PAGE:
Love it or hate it, this year’s resolution is one of the narrowest resolutions we’ve seen in a long time. Narrow resolutions make way to more topicality issues and more topicality arguments. Regardless of your position on when it is or isn’t appropriate to run topicality, it’ll likely happen a lot throughout the year, so let’s examine the topicality scene as it regards cases…
Category 1: Nothing is significant. Several cases are going to find themselves in this category. They focus so much on only doing things within the resolution, that any harms that could be presented and actually solved by the plan aren’t going to be significant in the grand scheme of things. The only other option is that the harms are a large issue, and the plan improves the situation, but only in a negligible way. Topicality won’t be run but everything else will be.
Category 2: Extra-topical mandates. Some teams attempting to avoid passing insignificant or less-solvent cases might opt for this strategy. The mandate itself both addresses the resolution and extends outside the scope of the resolution (likely affecting state-level prisoners), but the harms and advantages are all focused on the federal level. There is an argument to be made by the negative team that since the plan doesn’t fit completely within the resolution and is extra-topical that it shouldn’t be passed. However, if the 1AC is otherwise topical minus the mandate, then the affirmative team has a strong argument that the extra parts of the case don’t warrant a negative ballot, especially if a comparative advantage burden is agreed upon and the extra-topical effects aren’t disadvantages. Most plans wind up affecting policy areas outside the resolution, especially when it comes to the economy, so a plan that just so happens to affect state-level prisoners shouldn’t be completely out of the question.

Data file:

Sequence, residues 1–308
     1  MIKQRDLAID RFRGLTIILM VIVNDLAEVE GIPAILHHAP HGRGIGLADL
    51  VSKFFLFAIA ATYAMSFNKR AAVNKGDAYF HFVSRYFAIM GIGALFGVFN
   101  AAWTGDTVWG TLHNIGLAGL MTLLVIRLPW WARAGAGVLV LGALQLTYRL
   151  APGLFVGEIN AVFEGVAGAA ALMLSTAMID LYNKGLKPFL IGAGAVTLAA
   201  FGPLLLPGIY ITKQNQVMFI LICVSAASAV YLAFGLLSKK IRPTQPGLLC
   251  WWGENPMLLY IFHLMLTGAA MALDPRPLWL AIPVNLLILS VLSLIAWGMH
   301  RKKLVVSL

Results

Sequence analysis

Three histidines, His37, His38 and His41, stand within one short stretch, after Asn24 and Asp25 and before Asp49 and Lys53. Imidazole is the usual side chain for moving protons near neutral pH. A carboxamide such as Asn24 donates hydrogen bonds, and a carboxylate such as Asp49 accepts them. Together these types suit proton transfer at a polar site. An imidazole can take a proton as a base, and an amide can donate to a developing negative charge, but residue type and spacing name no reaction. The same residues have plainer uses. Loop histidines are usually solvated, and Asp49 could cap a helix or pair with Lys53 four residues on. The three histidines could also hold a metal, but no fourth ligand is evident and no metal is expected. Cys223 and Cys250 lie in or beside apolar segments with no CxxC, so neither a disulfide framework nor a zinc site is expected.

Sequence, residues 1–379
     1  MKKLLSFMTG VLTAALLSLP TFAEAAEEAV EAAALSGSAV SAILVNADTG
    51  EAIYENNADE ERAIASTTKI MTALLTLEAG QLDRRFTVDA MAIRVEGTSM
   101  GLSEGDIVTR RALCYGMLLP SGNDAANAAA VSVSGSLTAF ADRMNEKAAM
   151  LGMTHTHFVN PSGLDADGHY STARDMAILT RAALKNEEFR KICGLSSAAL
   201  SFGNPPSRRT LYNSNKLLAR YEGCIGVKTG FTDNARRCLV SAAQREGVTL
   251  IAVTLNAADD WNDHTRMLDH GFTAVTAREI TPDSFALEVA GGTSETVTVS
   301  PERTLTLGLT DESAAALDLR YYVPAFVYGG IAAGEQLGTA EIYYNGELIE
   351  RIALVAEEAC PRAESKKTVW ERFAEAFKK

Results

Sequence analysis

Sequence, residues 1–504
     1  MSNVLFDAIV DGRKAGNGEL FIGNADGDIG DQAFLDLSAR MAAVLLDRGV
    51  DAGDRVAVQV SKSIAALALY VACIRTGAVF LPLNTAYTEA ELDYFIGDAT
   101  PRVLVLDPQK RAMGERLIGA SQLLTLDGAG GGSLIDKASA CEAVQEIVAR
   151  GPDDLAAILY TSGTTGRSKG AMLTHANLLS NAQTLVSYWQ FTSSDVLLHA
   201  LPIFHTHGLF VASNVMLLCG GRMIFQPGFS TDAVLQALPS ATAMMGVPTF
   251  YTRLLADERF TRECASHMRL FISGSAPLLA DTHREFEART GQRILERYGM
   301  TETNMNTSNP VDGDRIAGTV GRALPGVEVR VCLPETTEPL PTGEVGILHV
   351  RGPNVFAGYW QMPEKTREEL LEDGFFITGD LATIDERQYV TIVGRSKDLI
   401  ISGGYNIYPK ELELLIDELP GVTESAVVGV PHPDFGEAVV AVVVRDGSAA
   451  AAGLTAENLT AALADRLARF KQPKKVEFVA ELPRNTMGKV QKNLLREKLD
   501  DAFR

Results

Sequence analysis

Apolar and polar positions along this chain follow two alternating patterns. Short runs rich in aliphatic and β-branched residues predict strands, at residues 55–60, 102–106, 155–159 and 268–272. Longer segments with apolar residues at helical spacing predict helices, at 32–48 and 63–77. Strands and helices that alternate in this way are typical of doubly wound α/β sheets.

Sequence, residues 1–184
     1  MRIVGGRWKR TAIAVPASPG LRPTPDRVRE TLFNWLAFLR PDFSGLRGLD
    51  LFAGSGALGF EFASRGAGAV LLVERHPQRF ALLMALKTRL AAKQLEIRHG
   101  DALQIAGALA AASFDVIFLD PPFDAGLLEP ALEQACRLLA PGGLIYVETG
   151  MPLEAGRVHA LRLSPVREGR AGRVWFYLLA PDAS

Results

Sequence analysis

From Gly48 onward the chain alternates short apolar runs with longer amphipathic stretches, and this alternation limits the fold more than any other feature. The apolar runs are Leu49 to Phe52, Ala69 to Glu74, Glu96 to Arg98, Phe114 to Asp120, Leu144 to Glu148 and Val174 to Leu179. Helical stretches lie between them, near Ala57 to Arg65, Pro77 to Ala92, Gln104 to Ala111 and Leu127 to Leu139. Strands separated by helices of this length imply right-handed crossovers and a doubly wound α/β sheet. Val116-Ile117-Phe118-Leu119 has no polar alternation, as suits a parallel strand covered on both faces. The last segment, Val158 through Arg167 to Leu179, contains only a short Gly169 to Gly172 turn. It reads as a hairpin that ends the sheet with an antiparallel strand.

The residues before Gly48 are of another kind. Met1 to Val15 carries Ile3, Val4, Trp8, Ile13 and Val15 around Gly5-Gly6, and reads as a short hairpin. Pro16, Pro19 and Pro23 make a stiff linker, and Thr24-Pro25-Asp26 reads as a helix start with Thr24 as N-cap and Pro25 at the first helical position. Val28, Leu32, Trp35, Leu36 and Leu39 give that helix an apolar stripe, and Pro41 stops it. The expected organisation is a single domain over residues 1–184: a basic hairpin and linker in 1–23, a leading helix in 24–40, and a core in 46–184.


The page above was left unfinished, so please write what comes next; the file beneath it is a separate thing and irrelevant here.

A vast majority of cases this year will likely wind up falling into one of those two categories. There are ways to avoid the pitfalls of either, but start thinking now about how you will respond to each and prepare your position.
There exists one more necessary point when discussing this year’s topicality: the debate over whether cases that affect sentencing are topical. Some people believe they are topical, some think they aren’t, but there are a handful of teams that will run these cases this year and you need to be prepared for them. Decide whether you want to argue topicality or not, and look into both sides of the issue. Even the authors of this year’s sourcebook team can’t come to a consensus on the topicality of sentencing cases, but that’s what makes debate and debate theory fun. It’s all debatable. As you prep for and compete throughout the year, be keeping in mind the topicality issues inherent in smaller scoped resolutions such as the one we have this year.
Don‘t have a TP Club? Not sure about how to use a Source Book, run a case, or maybe you just want additional practice for this season. Our Lasting Impact! TP Club starts FRIDAY! Lasting Impact! has over 500 articles to help support you whether you are a student, parent, coach, or club. Make sure you subscribe to get the latest info!
Logan has been a part of the Lasting Impact! Sourcebook Team for the past two years. He is actively coaching Team Policy Debate for his local club, Logos in North Carolina.